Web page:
Also in the tiny pile of areas for improvement is off coverage. Lewis wasn't bad at it, per se, but when opponents wriggled free it was often because they'd been issued breathing room.

Interceptions are not an issue. Some folks have asserted that Lewis got thrown at a bunch because he's not a threat to intercept the ball. He had just two a year ago, and one was against Maryland so that barely counts. I don't buy it; that feels like an answer to an unanswerable question. Q: Why do you do something that doesn't make sense? A: Well, here's something else that doesn't make sense.

Michigan's approach had a lot to do with the minimal INTs. Michigan rarely switched up their coverages and didn't run much zone, so opportunities to bait a quarterback a la Blake Countess were few and far between. Lewis ended up in a ton of trail coverage on which he could either secure a PBU or "get his head around" and potentially lose the plot.

It'll be fascinating to see how Don Brown changes this dynamic. Either way, Lewis is an All-American ticketed for the late first round of the NFL draft.

[After THE JUMP: Jabrill Peppers! Seriously this time!]

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stay on-universe [Bryan Fuller]

Opposite Lewis is CHANNING STRIBLING, at least for now. The best arguments in Stribling's favor are circumstantial. This doesn't mean they're not convincing. For one, he beat out Jeremy Clark for the starting spot. Clark had a couple biffs a year ago but was by no means bad. You could stick him on quite a few Michigan teams of the last 20 years an expect him to start. For two, holy crap opponents targeted Jourdan Freakin' Lewis 90 times last year.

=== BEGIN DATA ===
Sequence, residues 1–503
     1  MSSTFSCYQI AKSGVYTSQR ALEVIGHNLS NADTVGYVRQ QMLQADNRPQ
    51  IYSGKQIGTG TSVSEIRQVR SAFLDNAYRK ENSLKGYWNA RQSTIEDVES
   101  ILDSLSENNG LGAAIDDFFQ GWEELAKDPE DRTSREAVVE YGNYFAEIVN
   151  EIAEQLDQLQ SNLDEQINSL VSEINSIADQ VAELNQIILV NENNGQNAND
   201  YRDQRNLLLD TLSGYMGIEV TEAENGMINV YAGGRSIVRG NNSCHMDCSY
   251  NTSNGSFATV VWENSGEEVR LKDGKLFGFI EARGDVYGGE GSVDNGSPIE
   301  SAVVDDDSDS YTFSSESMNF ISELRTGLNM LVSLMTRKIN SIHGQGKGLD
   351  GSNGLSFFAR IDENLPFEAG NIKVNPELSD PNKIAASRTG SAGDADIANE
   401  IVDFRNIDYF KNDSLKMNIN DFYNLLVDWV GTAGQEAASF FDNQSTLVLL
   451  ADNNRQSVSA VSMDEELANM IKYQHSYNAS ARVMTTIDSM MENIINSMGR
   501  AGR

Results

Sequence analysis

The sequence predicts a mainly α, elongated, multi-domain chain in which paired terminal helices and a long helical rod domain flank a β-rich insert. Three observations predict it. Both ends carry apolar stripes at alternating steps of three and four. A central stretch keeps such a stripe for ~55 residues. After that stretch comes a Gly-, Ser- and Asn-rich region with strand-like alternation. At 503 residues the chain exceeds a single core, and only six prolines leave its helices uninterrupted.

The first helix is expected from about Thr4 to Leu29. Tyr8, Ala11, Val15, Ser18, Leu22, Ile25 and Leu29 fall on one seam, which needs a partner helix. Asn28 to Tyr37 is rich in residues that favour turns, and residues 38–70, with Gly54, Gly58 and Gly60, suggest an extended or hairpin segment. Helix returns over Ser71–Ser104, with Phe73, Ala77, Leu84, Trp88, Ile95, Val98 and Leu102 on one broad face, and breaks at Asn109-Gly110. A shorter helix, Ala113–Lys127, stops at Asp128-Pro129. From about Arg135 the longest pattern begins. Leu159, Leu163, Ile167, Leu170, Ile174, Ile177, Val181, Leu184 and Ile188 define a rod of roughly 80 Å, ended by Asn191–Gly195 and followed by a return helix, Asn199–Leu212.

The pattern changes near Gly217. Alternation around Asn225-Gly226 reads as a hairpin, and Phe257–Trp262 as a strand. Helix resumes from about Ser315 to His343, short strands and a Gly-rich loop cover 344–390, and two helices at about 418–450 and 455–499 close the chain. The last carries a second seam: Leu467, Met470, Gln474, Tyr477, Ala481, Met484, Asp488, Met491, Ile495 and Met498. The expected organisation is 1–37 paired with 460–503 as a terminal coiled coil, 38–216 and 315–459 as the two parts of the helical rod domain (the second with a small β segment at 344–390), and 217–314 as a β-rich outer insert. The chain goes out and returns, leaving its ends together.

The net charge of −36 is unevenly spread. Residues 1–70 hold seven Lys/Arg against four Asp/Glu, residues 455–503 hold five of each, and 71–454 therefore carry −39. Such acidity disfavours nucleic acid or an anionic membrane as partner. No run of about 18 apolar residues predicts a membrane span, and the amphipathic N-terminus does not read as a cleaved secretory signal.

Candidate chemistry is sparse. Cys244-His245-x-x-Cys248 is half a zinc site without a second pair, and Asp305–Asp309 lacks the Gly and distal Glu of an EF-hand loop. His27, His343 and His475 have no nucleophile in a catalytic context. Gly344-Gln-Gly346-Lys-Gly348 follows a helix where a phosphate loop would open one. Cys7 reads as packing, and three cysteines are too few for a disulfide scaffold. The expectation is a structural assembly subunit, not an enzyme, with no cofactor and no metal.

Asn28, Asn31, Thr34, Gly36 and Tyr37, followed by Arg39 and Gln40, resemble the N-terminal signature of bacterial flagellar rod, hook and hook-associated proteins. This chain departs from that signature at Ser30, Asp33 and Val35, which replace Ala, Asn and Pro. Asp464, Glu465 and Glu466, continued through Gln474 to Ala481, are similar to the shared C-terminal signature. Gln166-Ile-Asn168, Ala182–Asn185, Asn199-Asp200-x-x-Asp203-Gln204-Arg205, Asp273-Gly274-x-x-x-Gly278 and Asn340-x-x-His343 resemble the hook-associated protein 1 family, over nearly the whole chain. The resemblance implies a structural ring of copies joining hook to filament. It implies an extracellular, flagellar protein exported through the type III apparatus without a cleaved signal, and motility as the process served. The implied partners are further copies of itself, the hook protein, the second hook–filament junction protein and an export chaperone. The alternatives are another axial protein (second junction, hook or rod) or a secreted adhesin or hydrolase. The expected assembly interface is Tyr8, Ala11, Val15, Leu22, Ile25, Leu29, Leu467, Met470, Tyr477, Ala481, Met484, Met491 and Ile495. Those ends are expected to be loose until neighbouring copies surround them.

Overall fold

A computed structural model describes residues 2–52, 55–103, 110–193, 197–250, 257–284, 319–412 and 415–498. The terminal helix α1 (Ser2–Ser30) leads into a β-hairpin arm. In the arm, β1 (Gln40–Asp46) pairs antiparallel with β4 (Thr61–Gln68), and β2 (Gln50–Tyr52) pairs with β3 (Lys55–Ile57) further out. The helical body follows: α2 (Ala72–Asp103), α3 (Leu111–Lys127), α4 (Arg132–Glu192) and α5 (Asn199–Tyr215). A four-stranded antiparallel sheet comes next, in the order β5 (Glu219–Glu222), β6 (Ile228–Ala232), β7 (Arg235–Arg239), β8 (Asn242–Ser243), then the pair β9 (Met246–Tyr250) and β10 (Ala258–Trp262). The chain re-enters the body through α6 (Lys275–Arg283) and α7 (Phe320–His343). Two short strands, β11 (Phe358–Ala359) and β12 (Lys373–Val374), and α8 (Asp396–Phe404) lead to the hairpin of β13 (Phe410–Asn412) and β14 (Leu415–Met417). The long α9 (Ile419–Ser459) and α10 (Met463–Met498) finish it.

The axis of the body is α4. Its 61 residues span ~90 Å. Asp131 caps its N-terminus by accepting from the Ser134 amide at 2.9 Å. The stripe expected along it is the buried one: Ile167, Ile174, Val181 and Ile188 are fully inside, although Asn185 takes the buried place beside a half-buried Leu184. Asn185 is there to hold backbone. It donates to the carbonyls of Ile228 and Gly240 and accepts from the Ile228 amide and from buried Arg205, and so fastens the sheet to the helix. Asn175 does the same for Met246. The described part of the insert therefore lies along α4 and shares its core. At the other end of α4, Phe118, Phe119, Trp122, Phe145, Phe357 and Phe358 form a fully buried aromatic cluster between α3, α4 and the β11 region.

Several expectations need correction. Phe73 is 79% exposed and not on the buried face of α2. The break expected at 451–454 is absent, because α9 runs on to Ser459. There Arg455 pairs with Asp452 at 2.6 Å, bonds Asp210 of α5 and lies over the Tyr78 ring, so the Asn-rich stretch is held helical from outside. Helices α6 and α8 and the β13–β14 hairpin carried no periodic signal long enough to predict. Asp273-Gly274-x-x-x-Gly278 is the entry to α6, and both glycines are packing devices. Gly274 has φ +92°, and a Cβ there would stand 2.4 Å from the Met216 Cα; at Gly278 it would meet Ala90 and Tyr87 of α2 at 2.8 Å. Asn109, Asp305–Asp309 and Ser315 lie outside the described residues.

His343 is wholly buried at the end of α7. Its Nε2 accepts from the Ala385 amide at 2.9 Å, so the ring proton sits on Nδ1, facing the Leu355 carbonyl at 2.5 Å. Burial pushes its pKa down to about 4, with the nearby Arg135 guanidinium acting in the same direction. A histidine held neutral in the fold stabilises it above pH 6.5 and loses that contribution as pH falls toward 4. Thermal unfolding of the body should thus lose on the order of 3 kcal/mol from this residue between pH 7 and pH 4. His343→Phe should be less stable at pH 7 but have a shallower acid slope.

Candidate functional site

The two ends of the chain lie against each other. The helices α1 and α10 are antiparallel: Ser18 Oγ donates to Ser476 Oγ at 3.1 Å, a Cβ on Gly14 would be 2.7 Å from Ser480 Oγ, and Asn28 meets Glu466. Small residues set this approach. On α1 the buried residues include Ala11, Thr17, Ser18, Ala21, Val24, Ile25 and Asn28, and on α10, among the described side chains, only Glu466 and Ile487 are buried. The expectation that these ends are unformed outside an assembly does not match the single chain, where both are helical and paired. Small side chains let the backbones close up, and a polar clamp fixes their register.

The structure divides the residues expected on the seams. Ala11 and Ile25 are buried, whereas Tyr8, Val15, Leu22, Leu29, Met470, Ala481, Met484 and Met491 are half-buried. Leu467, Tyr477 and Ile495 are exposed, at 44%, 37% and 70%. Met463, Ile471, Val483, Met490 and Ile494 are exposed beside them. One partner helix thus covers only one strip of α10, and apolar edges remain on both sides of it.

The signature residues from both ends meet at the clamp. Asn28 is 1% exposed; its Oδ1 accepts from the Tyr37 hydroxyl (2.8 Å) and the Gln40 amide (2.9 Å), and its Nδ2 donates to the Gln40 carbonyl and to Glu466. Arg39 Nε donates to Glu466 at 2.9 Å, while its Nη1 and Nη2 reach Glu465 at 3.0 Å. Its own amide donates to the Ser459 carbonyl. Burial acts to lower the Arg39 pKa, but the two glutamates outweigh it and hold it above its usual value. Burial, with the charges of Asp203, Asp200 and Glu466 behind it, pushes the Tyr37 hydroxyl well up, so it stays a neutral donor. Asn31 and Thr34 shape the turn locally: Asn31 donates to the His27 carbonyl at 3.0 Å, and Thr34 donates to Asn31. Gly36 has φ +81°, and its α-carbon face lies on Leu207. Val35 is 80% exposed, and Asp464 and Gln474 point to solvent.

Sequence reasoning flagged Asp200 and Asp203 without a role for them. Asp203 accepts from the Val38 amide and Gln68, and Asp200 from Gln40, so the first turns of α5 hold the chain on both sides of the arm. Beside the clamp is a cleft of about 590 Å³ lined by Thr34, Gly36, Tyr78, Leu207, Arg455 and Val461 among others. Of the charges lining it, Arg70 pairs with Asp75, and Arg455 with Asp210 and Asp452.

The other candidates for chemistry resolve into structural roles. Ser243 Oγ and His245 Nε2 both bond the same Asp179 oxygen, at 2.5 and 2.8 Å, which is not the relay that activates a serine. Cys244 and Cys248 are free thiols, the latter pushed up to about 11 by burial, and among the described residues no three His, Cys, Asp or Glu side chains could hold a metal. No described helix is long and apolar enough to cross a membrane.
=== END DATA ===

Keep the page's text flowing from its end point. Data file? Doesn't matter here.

If Michigan's second corner spot was even slightly wonky they would have had targets rain down on their heads. Instead opponents were content to go after WR1 matched against Lewis. Stribling and Clark must be pretty all right. PFF says he "graded well," FWIW. I can't really confirm or dis-confirm that.

That's because Stribling barely showed up on screen. He had an interception on a poorly thrown ball against UNLV and another PBU in that game, but from then until the bowl game I didn't have much to say about him. Like everyone else on the roster his defense on fade routes was top notch, which he displayed a couple times early in the season. Michigan was comfortable isolating him with 6'5" BYU guys and that went fine.